During the "pretest" interview, polygraphers frequently ask questions about an examinee's background, qualifications, education, family, interests, etc. The examinee is left to assume that all this information is necessary in order for the polygrapher to successfully conduct the "test." In actuality, the purpose of the "pretest interview" is to manipulate the examinee into lying on certain questions (the "control" questions), observe his/her body language during questioning, and to gather personal information that can later be used in a post-test interrogation to elicit admissions (or, in the case of criminal polygraph interrogations, a confession).

    And, same source:

    Law enforcement does not value the polygraph for its purported ability to sort out truth from deception. Polygraph results are generally not admissible in court. Rather, the device is coveted by police agencies because of its effective role as a psychological third degree. The goal is simple: to elicit a confession (which can be used in court).

    Yes, I did know that, J (5.00 / 2) (#4)
    by Peter G on Sat Feb 25, 2012 at 12:24:37 PM EST
    But I was hoping you would elaborate -- for the TL community and any others who might find it by googling the topic -- exactly what you did spell out.  (That way, I wouldn't have to (being too lazy).)

    Speaking as an attorney who does foreign (none / 0) (#5)
    by scribe on Sat Feb 25, 2012 at 05:18:08 PM EST
    language work on the civil side - reviewing and translating documents for litigation - this sort of employer conduct is not surprising in the least.

    The long and short of it is that the foreign language personnel employed in this kind of work are underpaid and routinely subjected to abusive conduct by the contract employers.  For attorneys doing this kind of work, recall that the job requires an earned doctorate, a professional license earned after a competitive examination, and foreign language skills that would fall into the category of "fluent".  In return, you get a pretty darn low pay rate, as a rule no overtime (the employers class you as an executive or supervisor and not entitled to OT), no benefits, and the constant having to hustle up new work because the gigs may last only a week or two.  Some agencies have abusive non-attorneys supervising you or cutting your hours.  Some shave your hours.  Some demand you promise to indemnify them against any later suits or claims - do the work and then give back your pay.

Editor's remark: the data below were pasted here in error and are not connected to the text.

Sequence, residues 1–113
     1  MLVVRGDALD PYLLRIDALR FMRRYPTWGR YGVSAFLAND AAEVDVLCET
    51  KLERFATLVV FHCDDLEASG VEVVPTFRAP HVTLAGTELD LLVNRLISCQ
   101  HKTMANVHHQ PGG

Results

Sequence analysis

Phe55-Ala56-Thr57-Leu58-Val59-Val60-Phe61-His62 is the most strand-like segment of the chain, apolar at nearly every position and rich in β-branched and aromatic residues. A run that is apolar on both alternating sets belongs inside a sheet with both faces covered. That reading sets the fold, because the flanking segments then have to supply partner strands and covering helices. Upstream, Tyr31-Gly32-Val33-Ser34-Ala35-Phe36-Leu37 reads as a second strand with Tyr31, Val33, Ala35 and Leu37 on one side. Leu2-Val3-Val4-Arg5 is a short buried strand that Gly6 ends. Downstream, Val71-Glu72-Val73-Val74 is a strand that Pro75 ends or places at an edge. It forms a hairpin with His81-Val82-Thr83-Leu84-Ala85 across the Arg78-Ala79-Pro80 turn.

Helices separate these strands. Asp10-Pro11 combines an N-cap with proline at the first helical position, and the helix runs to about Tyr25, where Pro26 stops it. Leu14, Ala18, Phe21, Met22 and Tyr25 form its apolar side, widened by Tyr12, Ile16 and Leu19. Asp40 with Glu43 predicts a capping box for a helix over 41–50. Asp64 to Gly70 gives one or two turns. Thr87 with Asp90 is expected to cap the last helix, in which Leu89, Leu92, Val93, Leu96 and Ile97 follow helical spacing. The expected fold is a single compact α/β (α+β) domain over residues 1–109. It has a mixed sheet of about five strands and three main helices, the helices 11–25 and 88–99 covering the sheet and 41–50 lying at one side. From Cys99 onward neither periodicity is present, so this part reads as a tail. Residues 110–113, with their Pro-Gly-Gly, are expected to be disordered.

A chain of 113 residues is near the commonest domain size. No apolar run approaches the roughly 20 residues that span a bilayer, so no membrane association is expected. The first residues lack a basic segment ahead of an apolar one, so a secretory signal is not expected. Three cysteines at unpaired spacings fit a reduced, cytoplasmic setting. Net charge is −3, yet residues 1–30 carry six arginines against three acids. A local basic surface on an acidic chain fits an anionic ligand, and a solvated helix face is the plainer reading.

There was one agency, providing English language document reveiw in a major bankruptcy, that paid the attorneys doing the reviews all of $30/hour, but then billed the bankruptcy Estate $430/hour and submitted an affidavit to the bankruptcy court (to get court permission to be paid from the bankruptcy estate, as is normal and required) saying that was "fair and reasonable".

    FWIW, too, the hourly rates paid to the attorneys for the foreign language work have declined by about 30-40 percent over the last 5 years.

    The more obscure the language, the better the conditions you are working under.  There are currently going begging Japanese-language jobs where they get a high pay rate and overtime.  But, how many US lawyers speak fluent Japanese?  Spanish, OTOH, are relatively a dime a dozen and treated that way.  They treat you shabbily to try to get you to quit.

    I suspect DEA and the employment agency figured they could get away with the things they are alleged to have done because the translators likely translate a common language and were therefore easily replacable, and the agency wanted to squeeze out people and get them to take a lower rate, while continuing to bill the government the same or more.  

    Comment with unsubstantiated (none / 0) (#6)
    by Jeralyn on Wed Feb 29, 2012 at 09:50:52 PM EST
    allegations of misconduct by anonymous new poster deleted.